Travel Industry Testifies on Bills to Aid Recovery
More must be done to boost travel-related revenue
This week, the U.S. Travel Association testified before a House Energy and Commerce subcommittee in support of two bills the travel industry believes are critical to ensuring the nation’s long-term competitiveness in the global travel market.
The Visit America Act (H.R. 6965) would establish an Assistant Secretary for Travel and Tourism position at the U.S. Department of Commerce, direct the commerce secretary to set inbound visitation goals and a national travel and tourism strategy while directing the commerce secretary to facilitate U.S. bids for large international events and trade shows.
“This is a crucial provision to ensure that the U.S. does not miss out on major international events, which generate substantial economic impact for local communities,” said Tori Emerson Barnes, executive vice president of public affairs and policy for U.S. Travel.
U.S. Travel also advocated for passage of the Travel and Tourism Act (H.R. 7820), which also calls for the Commerce Department to adopt a travel and tourism recovery strategy, but pressed for inclusion of the two provisions in the Visit America Act that establish an Assistant Secretary for Travel and Tourism and direct Commerce to support and facilitate U.S. bids for international events.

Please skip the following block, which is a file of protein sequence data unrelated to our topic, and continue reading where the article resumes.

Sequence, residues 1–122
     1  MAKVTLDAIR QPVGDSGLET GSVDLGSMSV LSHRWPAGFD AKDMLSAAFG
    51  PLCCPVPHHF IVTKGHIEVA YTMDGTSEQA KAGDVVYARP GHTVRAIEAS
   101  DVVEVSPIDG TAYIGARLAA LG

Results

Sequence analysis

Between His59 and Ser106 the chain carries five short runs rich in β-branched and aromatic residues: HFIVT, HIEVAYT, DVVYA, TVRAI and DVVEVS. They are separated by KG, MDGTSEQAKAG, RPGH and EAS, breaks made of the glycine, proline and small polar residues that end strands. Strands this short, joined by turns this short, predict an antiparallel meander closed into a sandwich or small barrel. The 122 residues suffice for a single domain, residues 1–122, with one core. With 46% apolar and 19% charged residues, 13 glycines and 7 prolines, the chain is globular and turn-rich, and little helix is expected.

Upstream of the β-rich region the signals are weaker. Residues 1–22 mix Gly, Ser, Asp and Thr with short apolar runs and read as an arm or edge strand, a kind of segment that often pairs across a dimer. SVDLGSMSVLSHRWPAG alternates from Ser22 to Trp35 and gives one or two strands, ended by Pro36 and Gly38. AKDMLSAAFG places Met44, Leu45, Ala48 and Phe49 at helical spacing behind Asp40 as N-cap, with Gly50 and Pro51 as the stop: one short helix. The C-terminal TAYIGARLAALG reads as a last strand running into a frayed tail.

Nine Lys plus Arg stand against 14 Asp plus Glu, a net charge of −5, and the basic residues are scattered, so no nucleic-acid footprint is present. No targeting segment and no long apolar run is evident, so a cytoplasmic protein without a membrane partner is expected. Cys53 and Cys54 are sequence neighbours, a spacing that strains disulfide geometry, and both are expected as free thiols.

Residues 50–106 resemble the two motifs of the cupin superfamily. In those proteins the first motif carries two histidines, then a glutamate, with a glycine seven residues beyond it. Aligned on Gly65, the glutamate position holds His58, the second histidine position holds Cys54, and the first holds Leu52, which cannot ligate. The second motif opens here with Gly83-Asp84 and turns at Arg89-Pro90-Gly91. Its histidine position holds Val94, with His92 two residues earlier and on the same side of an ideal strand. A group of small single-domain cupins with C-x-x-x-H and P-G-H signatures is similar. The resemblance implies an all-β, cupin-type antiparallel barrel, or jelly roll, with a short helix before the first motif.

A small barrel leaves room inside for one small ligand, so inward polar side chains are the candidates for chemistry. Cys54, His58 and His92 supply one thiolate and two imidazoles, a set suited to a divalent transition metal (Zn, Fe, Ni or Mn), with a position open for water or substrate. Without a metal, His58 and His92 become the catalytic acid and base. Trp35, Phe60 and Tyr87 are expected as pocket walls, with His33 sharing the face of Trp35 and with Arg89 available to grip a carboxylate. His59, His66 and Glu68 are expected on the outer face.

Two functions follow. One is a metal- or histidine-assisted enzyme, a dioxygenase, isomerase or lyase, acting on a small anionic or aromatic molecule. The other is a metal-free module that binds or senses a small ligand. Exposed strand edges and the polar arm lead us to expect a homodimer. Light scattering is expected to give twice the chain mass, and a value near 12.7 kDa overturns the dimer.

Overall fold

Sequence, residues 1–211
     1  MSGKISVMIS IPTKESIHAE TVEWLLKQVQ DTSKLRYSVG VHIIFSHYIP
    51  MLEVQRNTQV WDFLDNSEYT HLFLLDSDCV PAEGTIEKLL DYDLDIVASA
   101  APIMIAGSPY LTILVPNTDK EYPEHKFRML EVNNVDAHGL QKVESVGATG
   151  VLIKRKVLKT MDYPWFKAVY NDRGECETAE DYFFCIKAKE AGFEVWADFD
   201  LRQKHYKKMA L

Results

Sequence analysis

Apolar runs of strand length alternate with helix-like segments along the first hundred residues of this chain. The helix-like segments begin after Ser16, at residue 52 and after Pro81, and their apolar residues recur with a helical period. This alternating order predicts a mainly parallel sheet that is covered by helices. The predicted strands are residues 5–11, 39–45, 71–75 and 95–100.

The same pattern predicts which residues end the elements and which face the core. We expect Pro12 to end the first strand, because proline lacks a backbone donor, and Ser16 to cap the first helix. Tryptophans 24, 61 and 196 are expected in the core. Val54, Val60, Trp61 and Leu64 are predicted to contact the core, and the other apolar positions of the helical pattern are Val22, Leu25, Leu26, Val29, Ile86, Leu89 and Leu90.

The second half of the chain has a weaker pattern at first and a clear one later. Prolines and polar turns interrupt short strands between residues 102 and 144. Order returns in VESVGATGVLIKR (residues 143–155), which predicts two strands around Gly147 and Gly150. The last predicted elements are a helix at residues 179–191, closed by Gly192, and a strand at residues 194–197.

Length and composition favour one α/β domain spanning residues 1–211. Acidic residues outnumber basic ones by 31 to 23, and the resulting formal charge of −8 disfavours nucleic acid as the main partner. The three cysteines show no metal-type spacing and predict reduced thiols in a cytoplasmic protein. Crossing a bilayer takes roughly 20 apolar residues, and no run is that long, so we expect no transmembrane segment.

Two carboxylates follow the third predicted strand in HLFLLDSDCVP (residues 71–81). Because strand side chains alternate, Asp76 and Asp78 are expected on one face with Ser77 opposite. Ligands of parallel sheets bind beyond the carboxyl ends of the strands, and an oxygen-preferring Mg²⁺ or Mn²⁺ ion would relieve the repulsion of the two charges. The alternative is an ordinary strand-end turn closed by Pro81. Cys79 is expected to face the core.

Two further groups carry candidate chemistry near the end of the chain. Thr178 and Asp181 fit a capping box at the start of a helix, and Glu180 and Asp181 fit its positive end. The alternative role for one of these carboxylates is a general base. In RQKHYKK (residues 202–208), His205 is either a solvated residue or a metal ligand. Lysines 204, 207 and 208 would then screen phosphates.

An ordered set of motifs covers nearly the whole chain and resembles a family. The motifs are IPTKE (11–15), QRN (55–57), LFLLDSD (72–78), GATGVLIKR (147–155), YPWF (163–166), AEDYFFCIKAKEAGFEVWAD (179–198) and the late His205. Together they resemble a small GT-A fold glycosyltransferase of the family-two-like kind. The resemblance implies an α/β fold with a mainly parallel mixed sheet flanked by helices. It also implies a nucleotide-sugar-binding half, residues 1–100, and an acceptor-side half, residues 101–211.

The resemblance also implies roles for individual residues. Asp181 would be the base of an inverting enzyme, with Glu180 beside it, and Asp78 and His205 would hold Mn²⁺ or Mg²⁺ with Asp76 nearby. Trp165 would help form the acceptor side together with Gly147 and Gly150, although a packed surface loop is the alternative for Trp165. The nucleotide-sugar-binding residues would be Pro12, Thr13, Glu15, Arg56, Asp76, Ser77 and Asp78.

“The U.S. is the only G20 country without a federal agency or cabinet-level official in charge of tourism policy,” Barnes said. “Establishing an assistant secretary would put the U.S. on par with its top competitors for tourism and provide a high-level official to work with our partners across the world on travel facilitation issues.”
Barnes said international travel spending in 2021 was 78 percent below pre-pandemic levels while business travel spending in general was down 56 percent.
This article was provided to OSAP by ASAE's Power of Associations and Inroads.